Instead of treating Mr. McCrory’s statements as an attack on liberal arts—and thus missing his point—the education community might instead pause to consider the validity of his criticism. They could even acknowledge the possibility that many taxpayers, perhaps a majority, share his views.

The governor may have understated the case. Many liberal-arts graduates, even from the best schools, aren’t getting jobs in large part because they didn’t learn much in school. They can’t write or speak well or intelligently analyze what they read.

The National Association of Educational Progress indicates that literary proficiency among adults with “some” college is declining. Richard Arum and Josipa Roksa, authors of the 2011 book “Academically Adrift: Limited Learning on College Campuses,” found that 36% of college students made no discernible progress in the ability to think and analyze critically after four years in school.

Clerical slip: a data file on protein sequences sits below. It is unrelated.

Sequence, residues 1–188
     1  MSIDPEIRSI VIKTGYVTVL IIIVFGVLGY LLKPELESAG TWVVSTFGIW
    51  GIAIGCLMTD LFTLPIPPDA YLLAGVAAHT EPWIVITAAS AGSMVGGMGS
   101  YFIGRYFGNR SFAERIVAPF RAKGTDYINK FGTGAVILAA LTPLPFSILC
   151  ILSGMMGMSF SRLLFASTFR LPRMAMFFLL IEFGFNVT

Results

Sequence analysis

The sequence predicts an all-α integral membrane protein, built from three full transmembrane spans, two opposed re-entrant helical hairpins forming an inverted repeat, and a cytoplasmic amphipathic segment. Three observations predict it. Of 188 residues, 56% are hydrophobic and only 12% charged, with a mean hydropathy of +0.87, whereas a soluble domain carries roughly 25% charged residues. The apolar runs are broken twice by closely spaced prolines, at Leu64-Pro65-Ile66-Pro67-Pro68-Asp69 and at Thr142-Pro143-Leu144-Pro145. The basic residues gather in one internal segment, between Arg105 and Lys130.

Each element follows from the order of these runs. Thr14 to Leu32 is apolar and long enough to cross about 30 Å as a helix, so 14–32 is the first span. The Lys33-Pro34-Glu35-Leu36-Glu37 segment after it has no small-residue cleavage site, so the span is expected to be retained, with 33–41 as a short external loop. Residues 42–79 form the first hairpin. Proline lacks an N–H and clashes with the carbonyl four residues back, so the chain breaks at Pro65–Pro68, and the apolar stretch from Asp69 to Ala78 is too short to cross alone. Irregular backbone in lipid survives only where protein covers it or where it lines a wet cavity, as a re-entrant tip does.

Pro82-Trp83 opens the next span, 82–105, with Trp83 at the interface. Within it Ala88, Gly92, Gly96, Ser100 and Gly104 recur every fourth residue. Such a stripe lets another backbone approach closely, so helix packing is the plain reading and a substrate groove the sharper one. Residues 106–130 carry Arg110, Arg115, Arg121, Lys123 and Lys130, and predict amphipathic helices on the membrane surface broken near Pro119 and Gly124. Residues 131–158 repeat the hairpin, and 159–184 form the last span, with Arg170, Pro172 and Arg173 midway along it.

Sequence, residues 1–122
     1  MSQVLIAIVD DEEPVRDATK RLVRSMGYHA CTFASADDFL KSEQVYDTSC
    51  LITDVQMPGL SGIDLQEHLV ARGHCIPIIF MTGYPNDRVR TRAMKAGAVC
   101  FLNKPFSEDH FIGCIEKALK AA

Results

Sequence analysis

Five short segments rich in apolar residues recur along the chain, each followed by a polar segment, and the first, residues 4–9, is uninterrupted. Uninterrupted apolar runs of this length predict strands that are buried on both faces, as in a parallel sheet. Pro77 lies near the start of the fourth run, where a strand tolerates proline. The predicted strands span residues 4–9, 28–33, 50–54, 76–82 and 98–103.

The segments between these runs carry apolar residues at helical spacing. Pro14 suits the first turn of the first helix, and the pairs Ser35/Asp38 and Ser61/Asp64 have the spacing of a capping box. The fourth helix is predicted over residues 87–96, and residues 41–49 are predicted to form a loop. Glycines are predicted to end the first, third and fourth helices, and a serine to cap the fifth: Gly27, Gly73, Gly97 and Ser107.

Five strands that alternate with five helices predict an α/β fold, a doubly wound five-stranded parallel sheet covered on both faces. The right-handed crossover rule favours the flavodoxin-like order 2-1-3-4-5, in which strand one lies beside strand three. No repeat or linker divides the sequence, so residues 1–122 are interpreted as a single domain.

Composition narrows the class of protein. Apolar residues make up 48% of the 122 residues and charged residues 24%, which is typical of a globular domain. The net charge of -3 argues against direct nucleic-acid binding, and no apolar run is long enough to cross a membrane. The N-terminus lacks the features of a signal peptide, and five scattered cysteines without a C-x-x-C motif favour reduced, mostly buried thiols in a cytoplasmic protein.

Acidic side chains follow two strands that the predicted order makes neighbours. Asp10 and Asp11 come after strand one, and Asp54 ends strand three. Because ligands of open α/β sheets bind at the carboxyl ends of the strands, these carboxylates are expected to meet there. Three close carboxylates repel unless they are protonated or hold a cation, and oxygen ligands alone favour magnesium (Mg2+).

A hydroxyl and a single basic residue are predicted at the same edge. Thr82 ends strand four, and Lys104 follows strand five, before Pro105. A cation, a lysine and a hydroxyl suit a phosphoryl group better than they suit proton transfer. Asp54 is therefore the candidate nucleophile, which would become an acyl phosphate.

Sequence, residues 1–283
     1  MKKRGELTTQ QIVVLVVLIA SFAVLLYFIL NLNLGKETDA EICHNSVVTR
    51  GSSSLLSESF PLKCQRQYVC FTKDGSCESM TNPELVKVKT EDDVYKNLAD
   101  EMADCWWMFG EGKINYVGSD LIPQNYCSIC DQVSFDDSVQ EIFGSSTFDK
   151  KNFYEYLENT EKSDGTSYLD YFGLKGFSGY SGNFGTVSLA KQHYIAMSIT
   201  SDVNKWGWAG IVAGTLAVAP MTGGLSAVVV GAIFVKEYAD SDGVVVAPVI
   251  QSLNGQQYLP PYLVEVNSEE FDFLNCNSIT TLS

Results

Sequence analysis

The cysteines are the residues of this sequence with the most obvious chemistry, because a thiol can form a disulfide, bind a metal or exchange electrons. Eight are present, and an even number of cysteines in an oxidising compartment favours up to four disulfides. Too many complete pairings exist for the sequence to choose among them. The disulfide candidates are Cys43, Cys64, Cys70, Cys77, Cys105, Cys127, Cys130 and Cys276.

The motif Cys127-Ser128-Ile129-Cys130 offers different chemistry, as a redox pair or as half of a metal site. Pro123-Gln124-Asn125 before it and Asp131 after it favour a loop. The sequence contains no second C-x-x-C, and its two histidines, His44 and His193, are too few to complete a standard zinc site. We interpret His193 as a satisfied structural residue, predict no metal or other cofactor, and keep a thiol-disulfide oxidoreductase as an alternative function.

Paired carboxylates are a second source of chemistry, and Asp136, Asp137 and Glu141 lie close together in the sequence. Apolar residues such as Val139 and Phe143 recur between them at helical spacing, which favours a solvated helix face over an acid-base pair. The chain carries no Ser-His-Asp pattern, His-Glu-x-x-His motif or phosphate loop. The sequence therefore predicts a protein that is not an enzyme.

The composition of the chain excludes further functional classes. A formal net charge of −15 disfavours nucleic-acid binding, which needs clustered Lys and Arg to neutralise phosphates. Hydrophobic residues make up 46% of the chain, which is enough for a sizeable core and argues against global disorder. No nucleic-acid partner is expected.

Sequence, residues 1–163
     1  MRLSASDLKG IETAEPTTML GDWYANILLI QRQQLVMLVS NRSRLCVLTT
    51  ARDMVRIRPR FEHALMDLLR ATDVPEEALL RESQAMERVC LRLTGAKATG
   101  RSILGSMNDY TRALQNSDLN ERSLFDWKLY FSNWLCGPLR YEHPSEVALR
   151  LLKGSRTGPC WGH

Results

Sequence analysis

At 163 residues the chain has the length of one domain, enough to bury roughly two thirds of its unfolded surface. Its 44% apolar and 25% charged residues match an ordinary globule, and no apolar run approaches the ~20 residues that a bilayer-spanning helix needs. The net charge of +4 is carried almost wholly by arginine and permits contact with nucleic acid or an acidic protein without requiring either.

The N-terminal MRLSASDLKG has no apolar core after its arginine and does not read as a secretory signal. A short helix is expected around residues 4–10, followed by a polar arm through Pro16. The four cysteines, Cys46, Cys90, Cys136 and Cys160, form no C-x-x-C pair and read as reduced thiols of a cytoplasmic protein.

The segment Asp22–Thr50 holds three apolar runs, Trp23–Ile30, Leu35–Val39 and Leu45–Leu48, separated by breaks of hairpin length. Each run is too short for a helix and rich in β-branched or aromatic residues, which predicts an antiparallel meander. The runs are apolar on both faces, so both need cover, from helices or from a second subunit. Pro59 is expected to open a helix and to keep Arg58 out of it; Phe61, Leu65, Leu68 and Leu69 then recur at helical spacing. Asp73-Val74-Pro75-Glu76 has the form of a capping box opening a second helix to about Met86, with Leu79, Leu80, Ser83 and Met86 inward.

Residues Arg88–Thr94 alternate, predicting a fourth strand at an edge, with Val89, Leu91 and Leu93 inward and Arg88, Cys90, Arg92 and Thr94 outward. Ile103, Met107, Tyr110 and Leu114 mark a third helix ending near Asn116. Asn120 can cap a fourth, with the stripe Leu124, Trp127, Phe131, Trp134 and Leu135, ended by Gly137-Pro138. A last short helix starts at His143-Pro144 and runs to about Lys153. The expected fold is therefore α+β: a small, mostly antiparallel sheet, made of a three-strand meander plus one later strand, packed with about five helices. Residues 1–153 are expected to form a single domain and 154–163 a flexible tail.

For many students, college is a smorgasbord of easy courses chosen for their lack of academic rigor. There is no serious “core curriculum.” Students spend limited time studying. Faculty and administrators make matters worse by allowing students to fill up their time with courses like UNC-Chapel Hill’s “Dogs and People: From Prehistory to the Urbanized Future” and “Music in Motion: American Popular Music and Dance.” When students can get a minor in “Social and Economic Justice” without ever taking a course in the economics department, it’s hardly surprising that businesses aren’t lining up to hire them.

As it happens, North Carolina’s Pat McCrory is not alone. Former Indiana Gov. Mitch Daniels, who recently took over the helm of Purdue University, has suggested much the same. In an open letter to the Purdue community, Mr. Daniels cited a long list of challenges facing universities, including complaints that “rigor has weakened.”